where $S_{\nu}$ is the measured flux, d the distance to the source (see Table 1), $\kappa_{\nu}$ the frequency-dependent dust mass opacity coefficient, $B_{\nu}(T_{{\rm d}})$ is the Planck function for a blackbody of dust temperature $T_{{\rm d}}$, and $R_{{\rm d}}$ is the dust-to-gas ratio, which we assume equal to 0.01. We have assumed $\kappa_{\nu}=\kappa_0 (\nu/\nu_0)^{\beta}$, with $\kappa_0=1$ cm2 g-1 at $\nu_0=250$ GHz (Ossenkopf & Henning 1994), and $\beta = 2$, as in Beuther et al. (2002a). $T_{{\rm d}}$ varies from clump to clump according to the authors who measured the dust emission (see Table 2). We note that no (sub)mm observations towards G75.78 are available in the literature, and that the dust mass obtained for G48.61 has been derived from 350 $\mu$m data. The issue of clump masses will be further discussed in Sect. 5.

In some cases we detect velocity gradients in the C18O(2-1) emission (Fig. 3). The interpretation of these is not straightforward, but the comparison between the direction of the velocity gradient and that of the main outflow axis can give some hints. If the velocity gradient is parallel to the outflow axis, it could be reflecting the molecular outflow already observed in the 13CO(2-1) emission. On the other hand, if this gradient is perpendicular to the outflow axis, as is the case of, e.g., G35.20, it could be interpreted as rotation, similar to what is found in G24.78+0.08 and G31.41+0.31 (Beltrán et al. 2004).

Whichever the nature of the velocity gradients, it cannot be firmly confirmed with single-dish observations alone. Complementary interferometric observations are necessary to assess their nature. However, under the assumption that there are rotating structures, we have estimated a dynamical mass, $M_{{\rm dyn}}$, for the five cases in which we detect a C18O velocity gradient, from the equation:

\begin{displaymath}M_{{\rm dyn}}=\frac{V_{{\rm rot}}^{2}R}{G}
\end{displaymath} (3)

where $V_{{\rm rot}}$ is the rotation velocity, R the radius of the supposed disk, and G the universal gravitational constant. This equation assumes equilibrium between centrifugal and gravitational forces, and yields only a lower limit to the actual dynamical mass because $V_{{\rm rot}}$ is not corrected for inclination. Both $V_{{\rm rot}}$ and $M_{{\rm dyn}}$ are presented in Table 2. Our values are small compared to the other clump mass estimates, and of the same order of magnitude as those found by Beltrán et al. (2004).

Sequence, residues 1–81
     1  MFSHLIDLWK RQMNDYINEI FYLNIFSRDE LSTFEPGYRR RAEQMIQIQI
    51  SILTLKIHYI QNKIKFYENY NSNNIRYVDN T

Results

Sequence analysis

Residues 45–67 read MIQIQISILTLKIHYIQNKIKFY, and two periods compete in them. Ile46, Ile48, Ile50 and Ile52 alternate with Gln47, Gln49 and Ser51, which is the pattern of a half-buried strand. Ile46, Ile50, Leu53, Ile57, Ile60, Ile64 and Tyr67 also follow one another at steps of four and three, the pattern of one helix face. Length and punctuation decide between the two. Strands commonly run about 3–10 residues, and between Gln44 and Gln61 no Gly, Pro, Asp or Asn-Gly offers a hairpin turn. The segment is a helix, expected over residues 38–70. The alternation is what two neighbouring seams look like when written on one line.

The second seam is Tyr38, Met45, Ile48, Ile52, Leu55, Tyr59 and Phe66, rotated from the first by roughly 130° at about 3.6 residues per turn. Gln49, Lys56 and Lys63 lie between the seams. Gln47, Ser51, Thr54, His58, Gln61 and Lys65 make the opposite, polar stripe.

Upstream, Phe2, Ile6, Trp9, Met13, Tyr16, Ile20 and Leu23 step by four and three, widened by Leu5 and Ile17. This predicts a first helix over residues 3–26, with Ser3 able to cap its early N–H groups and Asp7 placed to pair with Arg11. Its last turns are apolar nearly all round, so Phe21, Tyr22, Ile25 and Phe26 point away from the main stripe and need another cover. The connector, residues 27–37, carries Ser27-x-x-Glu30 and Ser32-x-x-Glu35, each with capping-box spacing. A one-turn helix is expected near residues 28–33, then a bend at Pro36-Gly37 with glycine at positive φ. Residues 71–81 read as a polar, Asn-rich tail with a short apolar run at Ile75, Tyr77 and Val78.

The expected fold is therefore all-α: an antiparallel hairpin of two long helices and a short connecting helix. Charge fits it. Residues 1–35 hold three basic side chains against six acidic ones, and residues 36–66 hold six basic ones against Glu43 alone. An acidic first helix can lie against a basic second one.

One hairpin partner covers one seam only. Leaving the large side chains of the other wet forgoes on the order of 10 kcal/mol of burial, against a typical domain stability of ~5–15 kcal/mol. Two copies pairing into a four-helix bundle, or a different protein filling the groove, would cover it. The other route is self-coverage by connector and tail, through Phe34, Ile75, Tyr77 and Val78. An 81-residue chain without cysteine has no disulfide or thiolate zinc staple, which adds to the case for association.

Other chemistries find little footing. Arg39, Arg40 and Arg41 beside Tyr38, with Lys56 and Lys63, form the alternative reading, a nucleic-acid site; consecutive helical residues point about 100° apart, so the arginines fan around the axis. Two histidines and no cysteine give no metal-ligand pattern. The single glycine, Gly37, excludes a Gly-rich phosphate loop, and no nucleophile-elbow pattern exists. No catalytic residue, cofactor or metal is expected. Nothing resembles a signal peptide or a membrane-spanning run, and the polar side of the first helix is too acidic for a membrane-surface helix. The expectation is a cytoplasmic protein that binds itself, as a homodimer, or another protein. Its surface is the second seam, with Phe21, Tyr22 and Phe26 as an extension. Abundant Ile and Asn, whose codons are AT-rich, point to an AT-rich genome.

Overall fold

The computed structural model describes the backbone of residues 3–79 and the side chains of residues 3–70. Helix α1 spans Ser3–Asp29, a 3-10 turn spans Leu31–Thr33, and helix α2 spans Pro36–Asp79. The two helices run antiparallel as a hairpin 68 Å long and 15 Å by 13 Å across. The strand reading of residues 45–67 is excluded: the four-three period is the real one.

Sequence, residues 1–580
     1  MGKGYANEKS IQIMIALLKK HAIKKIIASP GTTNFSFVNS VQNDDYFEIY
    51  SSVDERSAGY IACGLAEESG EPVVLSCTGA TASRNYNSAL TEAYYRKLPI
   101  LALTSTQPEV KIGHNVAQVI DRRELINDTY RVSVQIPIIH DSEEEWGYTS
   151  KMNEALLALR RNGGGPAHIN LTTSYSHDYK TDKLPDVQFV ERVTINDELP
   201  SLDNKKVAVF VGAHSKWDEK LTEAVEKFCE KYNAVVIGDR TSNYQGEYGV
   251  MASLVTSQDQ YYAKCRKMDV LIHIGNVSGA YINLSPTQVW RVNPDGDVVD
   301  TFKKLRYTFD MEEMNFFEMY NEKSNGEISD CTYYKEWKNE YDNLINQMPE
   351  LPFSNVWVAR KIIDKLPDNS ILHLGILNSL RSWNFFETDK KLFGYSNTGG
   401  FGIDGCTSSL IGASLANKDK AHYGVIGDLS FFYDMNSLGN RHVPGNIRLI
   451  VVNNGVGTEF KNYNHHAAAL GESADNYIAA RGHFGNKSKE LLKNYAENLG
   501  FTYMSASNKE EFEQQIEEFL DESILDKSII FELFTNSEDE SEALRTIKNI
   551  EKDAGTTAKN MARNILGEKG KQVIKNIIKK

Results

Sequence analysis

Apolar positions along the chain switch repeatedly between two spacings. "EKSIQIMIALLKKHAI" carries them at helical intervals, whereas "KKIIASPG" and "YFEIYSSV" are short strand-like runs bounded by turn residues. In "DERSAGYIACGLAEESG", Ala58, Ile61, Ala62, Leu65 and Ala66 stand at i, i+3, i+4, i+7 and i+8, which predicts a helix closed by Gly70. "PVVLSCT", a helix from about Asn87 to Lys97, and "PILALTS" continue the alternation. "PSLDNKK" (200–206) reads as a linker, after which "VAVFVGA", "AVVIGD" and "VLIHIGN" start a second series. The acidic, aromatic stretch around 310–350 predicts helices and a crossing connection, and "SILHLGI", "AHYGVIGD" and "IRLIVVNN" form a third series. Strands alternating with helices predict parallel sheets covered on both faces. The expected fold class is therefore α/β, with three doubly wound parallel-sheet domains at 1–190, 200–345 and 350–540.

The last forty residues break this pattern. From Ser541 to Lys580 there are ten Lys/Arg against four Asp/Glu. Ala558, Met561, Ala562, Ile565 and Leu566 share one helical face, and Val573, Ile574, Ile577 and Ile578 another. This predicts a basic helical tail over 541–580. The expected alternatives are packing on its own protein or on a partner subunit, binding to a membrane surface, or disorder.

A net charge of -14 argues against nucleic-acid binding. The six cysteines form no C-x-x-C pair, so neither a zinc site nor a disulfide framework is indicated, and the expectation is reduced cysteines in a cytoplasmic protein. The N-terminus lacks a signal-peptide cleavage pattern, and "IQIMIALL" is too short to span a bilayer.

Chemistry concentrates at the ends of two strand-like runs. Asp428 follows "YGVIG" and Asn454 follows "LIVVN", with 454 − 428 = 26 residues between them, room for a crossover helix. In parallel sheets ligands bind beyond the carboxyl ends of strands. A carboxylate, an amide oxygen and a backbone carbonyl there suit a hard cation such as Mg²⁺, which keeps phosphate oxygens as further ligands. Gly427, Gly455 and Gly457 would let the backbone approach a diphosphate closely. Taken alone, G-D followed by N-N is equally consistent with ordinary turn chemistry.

Table 4:   Velocity range of the 13CO(2-1) wings used for the calculations and lobe sizes.

4 Derived outflow parameters

4.1 Outflow velocity ranges

The determination of outflow parameters from our 13CO spectra is non-trivial. The first complication arises when trying to select the outflow velocity ranges: there are no universal methods to separate the outflow from the ambient gas. If one includes too low-velocities there might be contamination from the ambient gas and the mass of the outflow may be overestimated. On the contrary, if one prefers to be safe from including ambient gas emission and chooses only the highest velocities, an important part of the outflow mass may be missed.

The strategy we have used to select the blue and red velocity ranges of the outflows is the following. From the 13CO(2-1) and C18O(2-1) spectra in Fig. 1, we have defined the low-velocity limits where the C18O(2-1) line reaches a level of 2$\sigma $ or, in some cases, the beginning of weak non-gaussian wings. The high-velocity limits have been chosen where the 13CO(2-1) falls below 2$\sigma $. With the extra aid of the channel maps, these limits were either conserved or slightly modified depending on the blue- and red-shifted emission spatial distribution observed. The resulting blue and red velocity ranges, $\Delta V_{{\rm blue}}$ and $\Delta V_{{\rm red}}$, are listed in Table 4. These ranges have been used both to make the outflow maps in Fig. 2 and to calculate the outflow parameters. For G10.47, no $\Delta V_{{\rm red}}$ is shown because the red-shifted outflow emission is contaminated by a second clump located $\sim$30 $^{\prime \prime }$ towards the south-west. Similarly, no $\Delta V_{{\rm blue}}$ is given for G28.87 because the blue emission does not show a well-defined structure in the map.